And you worked with a lot of the same people this time.
Obviously youíve added a few different actors including Rhona Mitra. How did you work with her to prepare her for the role?
She did like, aside from just talking about the character and working with her on that, she did like eleven weeks of preparation. She went to the gym, she did stunt driving and fight choreography all kinds of stunt [work], you know, for eleven weeks prior to the shoot. So she was in great shape by the time we shot it and prepared for what she was going to have to undergo. And I knew that there was going to be a few cuts and bruises along the way and there was, but she was into that.
I read in the press notes that you both were trying to find really strong female action heroes, and you basically came up with Linda Hamilton and Sigourney Weaver.
Yeah, I was trying to find the ones that are tough but also have a humanity about them. Itís trying to make them strong but never lose the femininity. And you know, Sigourney Weaver and Linda Hamilton, for all their toughness and their ruggedness, you never doubt for a moment that theyíre women.
Especially Linda Hamilton because you never doubt that she is a mother doing this for her child in T2. And I do think that comes across in your films, especially in THE DESCENT.
Yeah, that was a bit different because it wasnít so much a strong female role, but an entire cast of strong female roles [Laughing]. I consulted an awful lot of my friends, family, you know, any women I could get a hold of just to say, ĎĎis this right, is this convincing, does this ring true to you?í ĎĎcause I wanted it to be real. I wanted those characters to be authentic. And the same with Eden Sinclair, Rhona Mitra, she hasÖ her main story element, she has a strong emotional thread and around this is this tough shell that sheís built up over the years.
Now letís talk about the disease. The Reaper. How did you envision it?
I wanted it to be a real virus. When I was writing this thing and certainly when we were filming it, everyday there was reports about the Avian flu or SARS virus or whatever. Thatís been throughout the course of this movie. Iíve lived with it. So what I created was just the worst possible realistic virus. It doesnít turn people into zombies or anything like that. And after that, it was something that I kind of struggled with all the time, making a political apocalyptic movie. Itís cinema law at the moment, that a virus equals zombie. Every film that features a virus turns people into mutant zombies or something else, or rage infected, whatever. And this film is not about that. In this film, the virus isnít the star of the movie. And this virus kills people. You catch it, you start getting the sores and the pustules and your face breaks out into a huge disgusting mess, and you bleed from every orifice, and your internal organs liquidize, and you die. I mean, itís not good and it happens in twenty four hours. And it spreads as soon as, you know, you have it for twelve hours and itís already contagious. By the time you realize youíve got it, youíve already given it to fifty more people. So itís the worst kind of virus.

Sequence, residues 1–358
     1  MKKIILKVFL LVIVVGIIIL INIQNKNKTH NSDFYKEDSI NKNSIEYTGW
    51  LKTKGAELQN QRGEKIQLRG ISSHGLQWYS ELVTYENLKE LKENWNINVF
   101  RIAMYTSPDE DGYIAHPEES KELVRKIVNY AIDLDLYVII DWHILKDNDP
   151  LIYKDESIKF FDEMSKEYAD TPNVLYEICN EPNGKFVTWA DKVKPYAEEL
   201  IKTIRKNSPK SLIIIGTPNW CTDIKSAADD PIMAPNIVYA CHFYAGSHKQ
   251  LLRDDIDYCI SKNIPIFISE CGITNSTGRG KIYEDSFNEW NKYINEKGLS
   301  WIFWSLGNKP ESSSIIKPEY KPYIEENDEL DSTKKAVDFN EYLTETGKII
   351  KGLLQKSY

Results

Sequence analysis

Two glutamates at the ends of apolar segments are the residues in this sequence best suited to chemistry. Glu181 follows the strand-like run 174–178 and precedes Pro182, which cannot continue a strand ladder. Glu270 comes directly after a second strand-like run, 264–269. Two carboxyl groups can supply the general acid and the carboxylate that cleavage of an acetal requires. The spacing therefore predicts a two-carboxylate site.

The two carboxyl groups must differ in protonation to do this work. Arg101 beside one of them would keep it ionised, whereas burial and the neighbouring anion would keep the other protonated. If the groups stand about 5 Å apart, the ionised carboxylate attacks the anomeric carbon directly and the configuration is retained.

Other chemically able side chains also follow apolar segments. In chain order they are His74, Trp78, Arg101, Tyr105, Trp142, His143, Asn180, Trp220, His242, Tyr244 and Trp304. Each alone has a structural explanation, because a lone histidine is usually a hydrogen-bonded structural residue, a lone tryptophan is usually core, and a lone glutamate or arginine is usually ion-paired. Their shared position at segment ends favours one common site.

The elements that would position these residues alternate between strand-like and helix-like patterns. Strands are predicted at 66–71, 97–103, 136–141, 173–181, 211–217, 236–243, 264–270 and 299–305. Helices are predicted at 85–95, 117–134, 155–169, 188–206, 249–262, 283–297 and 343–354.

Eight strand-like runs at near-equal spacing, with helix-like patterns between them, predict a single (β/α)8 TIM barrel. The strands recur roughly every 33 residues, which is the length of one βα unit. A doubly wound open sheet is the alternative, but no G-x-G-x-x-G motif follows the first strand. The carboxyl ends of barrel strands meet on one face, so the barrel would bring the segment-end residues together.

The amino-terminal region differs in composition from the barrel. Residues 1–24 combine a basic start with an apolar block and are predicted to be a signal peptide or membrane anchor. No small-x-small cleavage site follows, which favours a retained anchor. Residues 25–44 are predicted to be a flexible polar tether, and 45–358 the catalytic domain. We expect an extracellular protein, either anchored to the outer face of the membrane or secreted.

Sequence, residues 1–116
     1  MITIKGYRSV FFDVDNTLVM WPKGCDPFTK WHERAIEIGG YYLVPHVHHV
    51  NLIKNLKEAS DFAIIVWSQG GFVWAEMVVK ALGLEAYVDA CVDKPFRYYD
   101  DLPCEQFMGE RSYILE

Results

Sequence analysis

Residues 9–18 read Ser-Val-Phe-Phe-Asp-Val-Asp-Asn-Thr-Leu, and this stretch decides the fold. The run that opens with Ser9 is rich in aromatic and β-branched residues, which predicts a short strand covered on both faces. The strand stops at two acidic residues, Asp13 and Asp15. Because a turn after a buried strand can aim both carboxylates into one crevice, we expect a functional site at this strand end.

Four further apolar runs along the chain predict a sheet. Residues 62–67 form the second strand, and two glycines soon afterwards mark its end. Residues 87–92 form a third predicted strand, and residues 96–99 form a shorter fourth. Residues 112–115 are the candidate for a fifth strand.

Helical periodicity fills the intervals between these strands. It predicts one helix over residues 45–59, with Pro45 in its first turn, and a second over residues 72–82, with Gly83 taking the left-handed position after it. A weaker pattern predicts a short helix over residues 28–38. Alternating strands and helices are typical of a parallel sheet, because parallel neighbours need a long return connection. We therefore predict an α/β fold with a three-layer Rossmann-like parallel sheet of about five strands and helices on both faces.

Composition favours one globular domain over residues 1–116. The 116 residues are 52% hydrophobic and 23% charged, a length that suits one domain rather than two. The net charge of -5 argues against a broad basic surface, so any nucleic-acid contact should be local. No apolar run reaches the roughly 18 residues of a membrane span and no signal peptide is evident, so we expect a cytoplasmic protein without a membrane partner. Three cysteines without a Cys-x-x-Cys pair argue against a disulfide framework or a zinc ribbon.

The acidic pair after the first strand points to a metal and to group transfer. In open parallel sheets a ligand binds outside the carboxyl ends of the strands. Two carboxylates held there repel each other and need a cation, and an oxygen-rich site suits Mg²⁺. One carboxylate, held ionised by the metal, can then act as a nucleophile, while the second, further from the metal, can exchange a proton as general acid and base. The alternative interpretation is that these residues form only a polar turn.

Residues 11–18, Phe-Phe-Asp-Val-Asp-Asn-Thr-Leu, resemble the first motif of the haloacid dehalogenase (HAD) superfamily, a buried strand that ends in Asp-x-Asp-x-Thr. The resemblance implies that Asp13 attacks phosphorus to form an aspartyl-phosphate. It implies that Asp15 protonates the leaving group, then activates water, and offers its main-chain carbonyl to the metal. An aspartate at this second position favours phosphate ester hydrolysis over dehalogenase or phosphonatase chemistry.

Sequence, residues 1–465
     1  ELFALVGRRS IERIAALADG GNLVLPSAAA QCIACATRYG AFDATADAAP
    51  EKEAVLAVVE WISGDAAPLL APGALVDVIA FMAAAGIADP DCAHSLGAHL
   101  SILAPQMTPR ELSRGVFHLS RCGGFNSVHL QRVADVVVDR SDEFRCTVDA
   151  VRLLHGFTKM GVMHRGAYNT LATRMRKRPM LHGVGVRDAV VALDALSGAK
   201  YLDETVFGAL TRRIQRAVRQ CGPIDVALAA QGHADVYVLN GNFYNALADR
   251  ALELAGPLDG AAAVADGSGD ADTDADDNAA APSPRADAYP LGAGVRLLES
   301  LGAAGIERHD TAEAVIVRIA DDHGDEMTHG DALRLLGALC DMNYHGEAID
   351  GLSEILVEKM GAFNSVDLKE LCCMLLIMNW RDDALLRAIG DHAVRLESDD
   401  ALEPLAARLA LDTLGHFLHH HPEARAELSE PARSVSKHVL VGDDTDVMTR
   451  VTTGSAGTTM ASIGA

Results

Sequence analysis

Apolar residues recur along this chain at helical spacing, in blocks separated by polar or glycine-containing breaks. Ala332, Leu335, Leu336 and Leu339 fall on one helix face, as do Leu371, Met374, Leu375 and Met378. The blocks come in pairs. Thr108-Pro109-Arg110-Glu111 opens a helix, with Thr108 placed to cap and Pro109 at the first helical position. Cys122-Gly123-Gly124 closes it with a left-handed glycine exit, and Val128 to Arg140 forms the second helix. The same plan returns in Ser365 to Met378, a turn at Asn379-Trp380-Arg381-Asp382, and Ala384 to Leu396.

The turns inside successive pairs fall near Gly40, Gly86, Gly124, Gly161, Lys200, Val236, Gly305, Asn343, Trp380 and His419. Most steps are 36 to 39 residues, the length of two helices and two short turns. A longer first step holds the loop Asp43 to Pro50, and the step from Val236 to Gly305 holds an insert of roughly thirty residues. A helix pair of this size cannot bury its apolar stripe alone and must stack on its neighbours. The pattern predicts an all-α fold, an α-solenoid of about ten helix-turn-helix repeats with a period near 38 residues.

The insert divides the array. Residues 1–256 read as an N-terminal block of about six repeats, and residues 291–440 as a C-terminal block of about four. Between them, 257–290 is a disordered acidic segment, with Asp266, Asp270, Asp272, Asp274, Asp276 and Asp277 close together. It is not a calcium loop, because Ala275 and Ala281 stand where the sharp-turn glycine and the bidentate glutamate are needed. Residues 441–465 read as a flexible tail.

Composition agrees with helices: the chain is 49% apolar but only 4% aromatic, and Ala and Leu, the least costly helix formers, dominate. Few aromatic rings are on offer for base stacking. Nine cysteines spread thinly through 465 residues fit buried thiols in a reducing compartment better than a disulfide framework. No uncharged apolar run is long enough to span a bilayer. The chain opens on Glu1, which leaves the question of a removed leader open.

Scary thought. Like you said, every day in the newsÖ how close are we to this, you know?
Well, you just need to look at the history books. The influenza virus of 1918 or something like that, wiped out a core population of the earth. And that was the flu. And I figure that itís not far off that this is going to happen, you know, at some point. And with international travel being so easy now, it will spread like that [snaps his fingers]. And with things like Avian flu, the whole point of them is that nobody knows where they really came from. They just appeared. Itís a mutant gene or whatever that suddenly becomes a virus. And there is no explanation for it. I think that with this virus, I didnít want to provide an explanation for it. It just happens. It just occurs.